Kenya's economic rebound to slow to 5.5pc on high inflation, weak agriculture output
The World Bank has given Kenya a positive growth prospects in the medium term despite soaring food prices and prolonged drought which will slow rebound to 5.5pc this year.
In its 26th edition of the Kenya Economic Update, World Bank projects the economy to grow by an average 5.2pc in the next two years.
The lender forecasts the economy to grow 5pc next year and 5.2pc in 2024.
This year's projection is however lower than 7.5pc rebound recorded in 2021 and 6pc in first half of this year.
The prolonged drought witnessed this year coupled with global commodity shocks and tighter global financial conditions, has seen prices of key commodities rise sharply as inflation hit 9.6pc in October 2022 which was the highest since December 2017.
Inflation rate has however eased to 9.5pc in November on account of government subsidies on fuel, electricity, and maize.
“High frequency monitoring of households shows a rise in food insecurity, most severely in rural areas, and over half of households reduced their food consumption in June 2022,” said World Bank in the report.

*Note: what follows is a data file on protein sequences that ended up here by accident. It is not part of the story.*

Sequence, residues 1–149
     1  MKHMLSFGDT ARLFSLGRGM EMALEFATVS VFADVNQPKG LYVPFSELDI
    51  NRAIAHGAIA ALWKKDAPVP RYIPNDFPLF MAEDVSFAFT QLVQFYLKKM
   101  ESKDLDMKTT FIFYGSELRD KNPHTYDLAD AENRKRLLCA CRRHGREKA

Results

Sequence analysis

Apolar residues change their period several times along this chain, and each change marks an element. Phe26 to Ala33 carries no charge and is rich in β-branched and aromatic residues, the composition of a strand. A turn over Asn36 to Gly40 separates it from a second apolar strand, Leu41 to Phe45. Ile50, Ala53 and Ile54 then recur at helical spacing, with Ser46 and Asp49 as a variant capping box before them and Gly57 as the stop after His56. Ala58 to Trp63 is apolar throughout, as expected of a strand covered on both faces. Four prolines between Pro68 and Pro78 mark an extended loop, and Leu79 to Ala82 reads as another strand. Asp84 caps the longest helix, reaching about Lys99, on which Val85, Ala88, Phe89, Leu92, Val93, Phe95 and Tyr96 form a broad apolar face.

According to the bank, the 6pc year-on-year growth recorded in first half of the year was driven by broad-based increases in services and industry, pickup in private sector credit, lower COVID-19 infections, and a recovery in tourism.
“On the demand side, the rebound in H1-2022 was driven by resilient consumption growth, underpinned by buoyant international remittances, increase in minimum monthly wage, and large fiscal subsidies to cushion from the regional drought and global commodities market shocks,” the bank stated.
The World Bank estimates that the drought witnessed this year wiped out 0.3pc of GDP in the first half of the year.
“Boosting food resilience through community interventions in arid and semi-arid lands while supporting farmer groups to link into sustainable value chains will help to better feed Kenya during periods of drought,” said Keith Hansen, World Bank Country Director for Kenya.
Nonetheless the World Bank says robust growth of credit to the private sector, continued low COVID-19 infection rates, a near term recovery in agricultural production, and high commodity prices favorable to Kenyan exports will help catalyze private investment to support economic growth over the medium term.
“Private sector led growth is critical to job creation and a steady increase in household living standards over time,” added Naomi Mathenge, World Bank Senior Economist for Kenya.
The World Bank has further thrown its weight behind the government fiscal consolidation efforts which has seen budget deficit in fiscal year 2021/22 narrow to 6.2pc from 8.2pc thereby stabilising the debt-to-GDP ratio to about 67.3pc in FY21/22.